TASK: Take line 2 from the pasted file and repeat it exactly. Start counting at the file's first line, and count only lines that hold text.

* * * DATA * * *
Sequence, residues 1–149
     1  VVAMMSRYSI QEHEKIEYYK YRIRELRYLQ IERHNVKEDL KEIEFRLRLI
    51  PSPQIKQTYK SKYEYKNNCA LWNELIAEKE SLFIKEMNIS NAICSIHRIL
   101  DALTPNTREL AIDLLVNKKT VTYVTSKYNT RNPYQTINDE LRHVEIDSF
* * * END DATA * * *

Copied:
     1  VVAMMSRYSI QEHEKIEYYK YRIRELRYLQ IERHNVKEDL KEIEFRLRLI